The emergence of sustainable construction 

Published: 13 September 2022

Sustainability is the buzz word for everything these days. There are a finite number of resources in the world. The construction industry is a huge consumer of these resources. It is estimated that the industry generates 39% of the world’s carbon emissions. Sustainability and this kind of consumer don’t naturally go hand in hand. 

Pressure from the public on government and industry means both are working to cut carbon footprint and reduce environmental impact. Many clients have sustainability at the top of the list before they award contracts. This pressure has led to world governments building new global and national targets designed to help curb the environmental crisis. This has led to building regulations changing in regard to the environmental impact the industry is having.  

What is sustainable construction? 

Sustainability in construction is about using renewable and recyclable materials. The surrounding natural habitats must be protected before and after construction, including reducing waste during. The design of the finished building must also be energy efficient. Companies are turning to green materials to help them meet their sustainability targets 

What materials are being used? 

  • Bamboo, commonly used in Asia, has become more popular worldwide. It’s long lasting and has a greater strength than concrete and brick meaning it’s commonly used in flooring and carpentry.  
  • Precast concrete slabs are also now commonly used. These take less energy to produce and construct. They also last longer as they are produced in a controlled environment, allowing them time to cure, resulting in less cracks and structural faults.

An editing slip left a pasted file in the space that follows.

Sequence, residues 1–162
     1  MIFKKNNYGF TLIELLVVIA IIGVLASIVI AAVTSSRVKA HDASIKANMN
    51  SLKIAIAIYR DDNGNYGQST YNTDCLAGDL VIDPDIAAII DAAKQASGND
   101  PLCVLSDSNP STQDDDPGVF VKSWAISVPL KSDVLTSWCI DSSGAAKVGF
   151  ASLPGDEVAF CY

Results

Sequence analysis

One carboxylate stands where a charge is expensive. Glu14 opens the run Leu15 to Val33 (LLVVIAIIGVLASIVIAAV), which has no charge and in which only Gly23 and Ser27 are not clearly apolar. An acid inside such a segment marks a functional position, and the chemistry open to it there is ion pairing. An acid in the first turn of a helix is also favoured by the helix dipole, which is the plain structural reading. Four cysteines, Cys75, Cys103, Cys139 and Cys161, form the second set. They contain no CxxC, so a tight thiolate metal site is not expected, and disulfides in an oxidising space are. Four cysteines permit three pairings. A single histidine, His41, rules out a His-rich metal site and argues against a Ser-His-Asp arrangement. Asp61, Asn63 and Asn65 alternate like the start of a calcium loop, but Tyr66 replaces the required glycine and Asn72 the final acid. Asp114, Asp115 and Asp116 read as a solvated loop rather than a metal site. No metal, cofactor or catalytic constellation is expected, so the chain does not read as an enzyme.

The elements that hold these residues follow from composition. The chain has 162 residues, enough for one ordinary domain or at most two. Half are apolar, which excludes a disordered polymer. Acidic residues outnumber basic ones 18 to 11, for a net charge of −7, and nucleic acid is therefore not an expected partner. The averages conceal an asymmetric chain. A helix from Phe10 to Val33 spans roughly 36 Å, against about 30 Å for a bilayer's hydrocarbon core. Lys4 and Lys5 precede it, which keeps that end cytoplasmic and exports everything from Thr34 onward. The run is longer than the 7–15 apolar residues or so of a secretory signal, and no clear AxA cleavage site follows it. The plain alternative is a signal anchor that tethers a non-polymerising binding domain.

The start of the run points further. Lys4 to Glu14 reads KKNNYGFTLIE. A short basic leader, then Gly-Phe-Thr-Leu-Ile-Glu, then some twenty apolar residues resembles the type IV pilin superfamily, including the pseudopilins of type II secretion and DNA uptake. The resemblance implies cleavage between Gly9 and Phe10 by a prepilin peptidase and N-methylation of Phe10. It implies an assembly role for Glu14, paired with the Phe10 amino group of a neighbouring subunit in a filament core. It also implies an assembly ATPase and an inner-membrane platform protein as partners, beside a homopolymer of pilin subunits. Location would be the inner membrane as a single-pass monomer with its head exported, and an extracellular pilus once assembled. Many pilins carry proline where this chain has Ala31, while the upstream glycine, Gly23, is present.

• Obviously, the big one is the use of recycled materials, wood, metal, plastic. Reused plastic can be used in cables, roofs, floors and even carpets. Reclaimed wood has been used in interior design for quite some time, but it can also be used in framing and cabinetry. Steel is 100% recyclable and reusing rather than mining hugely reduces the ecological impact of construction. Using steel can also reduce the use of wood. A house that takes 50 trees to build only takes the steel from six scrapped cars to build.

Aside from all the above, companies also need to find alternate ways of working. This means making informed decisions at every stage of the process. For example, mining raw materials can pollute water, so they need to ensure the materials they use come from a safe place. Fabrication and shipping can result in huge carbon emissions. The manufacture of cement currently results in 28bn tonnes of CO2 a year, potentially raising to 4bn.  

What sustainability regulations need to be met? 

Regulations in each country are different but let’s start internationally: 

  • The Paris Agreement came into force in 2016 with the intention of limiting global warming to below 1.5 degrees Celsius compared to pre-industrial levels. It was signed by 196 countries each of whom have submitted their own plans known as nationally determined contributions
  • Although no longer directly affecting the UK there is also the European Green deal. The aim of this legislation is to turn Europe into a resource efficient economy. By 2050 there should be no net emissions of greenhouse gas and economic growth will be decoupled from resource use. EU member states have pledged to reduce emissions by at least 55% by 2030 compared to 1990 levels.